No sooner does Pike have the treasure than Blake and an armed patrol of revenue men arrive. Aided by the injured Squire – who repents of his sins – Blake kills Pike, and the pirate force is routed. As the battle dies down, the Doctor and his companions slip away to the TARDIS, and the Doctor says superstition is a strange thing but it sometimes tells the truth.
|Episode||Title||Run time||Original air date||UK viewers|
|1||"Episode 1"†||24:36||10 September 1966||4.3||Only stills and/or fragments exist|
|2||"Episode 2"†||24:27||17 September 1966||4.9||Only stills and/or fragments exist|
|3||"Episode 3"†||23:55||24 September 1966||4.2||Only stills and/or fragments exist|
|4||"Episode 4"†||23:37||1 October 1966||4.5||Only stills and/or fragments exist|
All four episodes of this serial are considered missing. The soundtrack and telesnaps survive, along with bits of Australian censor footage.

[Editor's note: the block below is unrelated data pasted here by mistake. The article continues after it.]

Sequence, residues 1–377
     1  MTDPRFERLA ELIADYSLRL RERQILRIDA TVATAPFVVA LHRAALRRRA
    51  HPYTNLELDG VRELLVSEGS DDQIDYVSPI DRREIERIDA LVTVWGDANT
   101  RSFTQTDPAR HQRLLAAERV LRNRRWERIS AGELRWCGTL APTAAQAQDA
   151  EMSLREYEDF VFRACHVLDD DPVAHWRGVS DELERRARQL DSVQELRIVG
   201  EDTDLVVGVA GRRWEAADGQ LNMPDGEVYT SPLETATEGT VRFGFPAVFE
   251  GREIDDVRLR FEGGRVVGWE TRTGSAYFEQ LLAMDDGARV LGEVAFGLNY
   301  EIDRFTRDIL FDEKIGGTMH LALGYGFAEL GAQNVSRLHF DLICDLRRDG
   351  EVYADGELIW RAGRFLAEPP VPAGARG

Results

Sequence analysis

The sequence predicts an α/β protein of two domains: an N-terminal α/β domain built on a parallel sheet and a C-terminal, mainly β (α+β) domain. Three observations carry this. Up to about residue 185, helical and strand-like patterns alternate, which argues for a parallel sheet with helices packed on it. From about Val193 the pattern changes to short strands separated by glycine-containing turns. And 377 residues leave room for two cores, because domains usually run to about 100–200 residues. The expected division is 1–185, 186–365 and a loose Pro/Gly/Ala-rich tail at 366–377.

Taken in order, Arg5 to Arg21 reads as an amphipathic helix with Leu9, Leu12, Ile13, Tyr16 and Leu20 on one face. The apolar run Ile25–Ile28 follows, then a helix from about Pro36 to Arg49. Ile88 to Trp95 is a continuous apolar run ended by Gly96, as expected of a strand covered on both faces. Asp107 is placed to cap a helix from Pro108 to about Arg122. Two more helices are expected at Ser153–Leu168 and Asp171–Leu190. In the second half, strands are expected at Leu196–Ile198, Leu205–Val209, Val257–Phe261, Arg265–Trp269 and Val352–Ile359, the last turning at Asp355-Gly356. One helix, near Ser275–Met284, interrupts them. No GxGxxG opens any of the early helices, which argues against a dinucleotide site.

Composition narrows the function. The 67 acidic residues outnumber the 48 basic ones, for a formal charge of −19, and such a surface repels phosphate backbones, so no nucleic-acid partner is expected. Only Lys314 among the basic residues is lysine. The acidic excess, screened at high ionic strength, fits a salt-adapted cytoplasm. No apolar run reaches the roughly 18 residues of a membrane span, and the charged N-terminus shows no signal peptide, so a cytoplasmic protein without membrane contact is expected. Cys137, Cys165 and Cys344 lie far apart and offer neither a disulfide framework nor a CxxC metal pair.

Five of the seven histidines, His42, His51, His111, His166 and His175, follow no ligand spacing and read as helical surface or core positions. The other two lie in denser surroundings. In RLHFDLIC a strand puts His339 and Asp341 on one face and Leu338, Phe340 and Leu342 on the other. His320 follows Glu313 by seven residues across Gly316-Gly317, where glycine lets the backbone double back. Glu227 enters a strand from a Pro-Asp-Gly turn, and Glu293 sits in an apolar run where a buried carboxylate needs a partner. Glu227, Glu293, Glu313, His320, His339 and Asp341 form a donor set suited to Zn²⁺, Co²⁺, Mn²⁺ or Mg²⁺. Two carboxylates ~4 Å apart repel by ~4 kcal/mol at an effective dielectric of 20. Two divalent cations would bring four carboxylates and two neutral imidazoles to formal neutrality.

This was the last story filmed in the third season's production block, although it was held over until the beginning of the fourth season. During filming, the production team realized that William Hartnell's health had deteriorated beyond the point where he could continue to work. Many months' discussion about replacing Hartnell finally came to a head, and Innes Lloyd decided not to renew Hartnell's contract. It is unclear if Hartnell was contractually obliged to appear in The Tenth Planet or if he agreed to do so after being informed of Lloyd's decision. This was the first story to feature major location shooting. All previous location shots had been conducted at locations around London, but substantial portions of this story were filmed in Cornwall.
On initial airing, this story posted the lowest audience figures, at an average of 4.48 million viewers per episode, since the show began. It would remain the least-watched story in Doctor Who history for twenty years, until The Trial of a Time Lord: The Mysterious Planet aired in 1986 and posted an average of 4.35 million viewers per episode.